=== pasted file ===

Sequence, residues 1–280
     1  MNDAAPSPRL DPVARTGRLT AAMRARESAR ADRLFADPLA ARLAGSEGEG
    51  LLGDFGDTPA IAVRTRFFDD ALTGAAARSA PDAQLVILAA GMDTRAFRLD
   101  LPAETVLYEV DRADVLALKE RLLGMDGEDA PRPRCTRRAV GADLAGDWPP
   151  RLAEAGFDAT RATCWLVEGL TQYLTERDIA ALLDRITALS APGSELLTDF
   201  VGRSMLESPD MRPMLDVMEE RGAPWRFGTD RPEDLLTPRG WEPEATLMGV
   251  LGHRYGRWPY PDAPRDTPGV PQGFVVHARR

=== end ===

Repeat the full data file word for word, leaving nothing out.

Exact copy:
Sequence, residues 1–280
     1  MNDAAPSPRL DPVARTGRLT AAMRARESAR ADRLFADPLA ARLAGSEGEG
    51  LLGDFGDTPA IAVRTRFFDD ALTGAAARSA PDAQLVILAA GMDTRAFRLD
   101  LPAETVLYEV DRADVLALKE RLLGMDGEDA PRPRCTRRAV GADLAGDWPP
   151  RLAEAGFDAT RATCWLVEGL TQYLTERDIA ALLDRITALS APGSELLTDF
   201  VGRSMLESPD MRPMLDVMEE RGAPWRFGTD RPEDLLTPRG WEPEATLMGV
   251  LGHRYGRWPY PDAPRDTPGV PQGFVVHARR